Reggie Theus lasted 106 games in the hot seat, or roughly 1-1/3 seasons.
Kenny Natt made it just 58 games.
Paul Westphal has 82 games -- a full season -- under his belt. Can he do what his three predecessors could not survive this season? What will it take to do so?
The Kings picked up the third year -- an option year -- of Westphal's contract back last April, keeping the coach under contract through the 2011-12 season. It was, honestly, a coup of sorts to get a legitimate candidate to sign a deal with only two years and $2-3 million guaranteed, even if said coach hadn't worked a lead job in eight years and had no realistic (or at least publicized) prospects to get a top job outside of Sacramento. But the Kings followed through by guaranteeing the third year quite quickly, preventing lame-duck status and making Westphal's total contract slightly more reasonable from the coach's perspective.
That alone says that the Kings like what Westphal had done through April. They thought he did a good job in a 25-57 season, which is fair enough. That roster was all mixed up, young and at most positions bad. It's worth noting that despite winning 38 games with a misshapen roster of his own, Theus didn't get that third-year guarantee after his first 82 games. Theus' team performed better than that of Westphal, yet Theus got no guarantee while Westphal did get a guarantee. That right there tells you everything you need to know about what Geoff Petrie and the Maloofs thought of the job Theus did versus the job Westphal did.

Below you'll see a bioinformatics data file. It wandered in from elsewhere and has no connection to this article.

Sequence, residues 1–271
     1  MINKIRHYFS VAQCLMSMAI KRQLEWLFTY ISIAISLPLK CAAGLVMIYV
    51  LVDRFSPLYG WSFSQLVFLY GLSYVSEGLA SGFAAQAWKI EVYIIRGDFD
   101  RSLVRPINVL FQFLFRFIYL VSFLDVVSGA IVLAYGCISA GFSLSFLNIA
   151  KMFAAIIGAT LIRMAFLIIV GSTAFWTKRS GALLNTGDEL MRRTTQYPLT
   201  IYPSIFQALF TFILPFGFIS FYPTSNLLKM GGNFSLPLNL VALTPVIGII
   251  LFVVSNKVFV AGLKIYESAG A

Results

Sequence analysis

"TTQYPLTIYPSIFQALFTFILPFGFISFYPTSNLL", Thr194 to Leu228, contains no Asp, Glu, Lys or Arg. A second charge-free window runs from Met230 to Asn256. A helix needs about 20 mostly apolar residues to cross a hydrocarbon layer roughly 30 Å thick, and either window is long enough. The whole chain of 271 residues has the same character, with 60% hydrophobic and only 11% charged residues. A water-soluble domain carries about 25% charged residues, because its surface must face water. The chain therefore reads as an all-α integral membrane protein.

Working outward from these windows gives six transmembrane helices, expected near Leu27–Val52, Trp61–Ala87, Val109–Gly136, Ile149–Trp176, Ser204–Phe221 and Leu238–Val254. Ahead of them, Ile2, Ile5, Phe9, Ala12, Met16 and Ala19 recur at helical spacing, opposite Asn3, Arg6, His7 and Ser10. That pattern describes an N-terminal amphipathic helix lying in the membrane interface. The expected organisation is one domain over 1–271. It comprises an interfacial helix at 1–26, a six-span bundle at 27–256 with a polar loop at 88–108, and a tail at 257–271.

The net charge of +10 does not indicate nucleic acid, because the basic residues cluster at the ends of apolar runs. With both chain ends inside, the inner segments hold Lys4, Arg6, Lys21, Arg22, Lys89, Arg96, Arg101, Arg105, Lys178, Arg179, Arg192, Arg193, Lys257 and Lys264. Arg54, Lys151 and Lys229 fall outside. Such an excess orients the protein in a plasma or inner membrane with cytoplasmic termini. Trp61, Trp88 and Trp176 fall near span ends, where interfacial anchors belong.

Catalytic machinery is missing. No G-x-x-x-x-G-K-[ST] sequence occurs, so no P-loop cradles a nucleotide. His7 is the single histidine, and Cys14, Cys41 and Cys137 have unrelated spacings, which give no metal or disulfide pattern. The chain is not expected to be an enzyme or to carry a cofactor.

It is established, then, that the front office likes Westphal and the work he has done. As such, I find it incredibly hard to imagine the team firing him mid-season. It would take a real letdown for that to happen -- a Nets-like start, or a completely disintegration of the budding team chemistry, or a fatwa from Team Tyreke, or something completely implausible.
It's just not going to happen, and I, for one, am thankful for that. Continuity is something these inexperienced players could use, and the coach of this team needs some backbone behind his decisions. Job security combined with the master key for the rotation is just that backbone.
Now whether Westphal goes on to have an Adelmanesque Kings career, or if he at some point makes way for Mario Elie or another young head coach -- that remains to be seen. But for now, he's our team's coach, and that's the way it will almost assuredly remain for the next 82 games.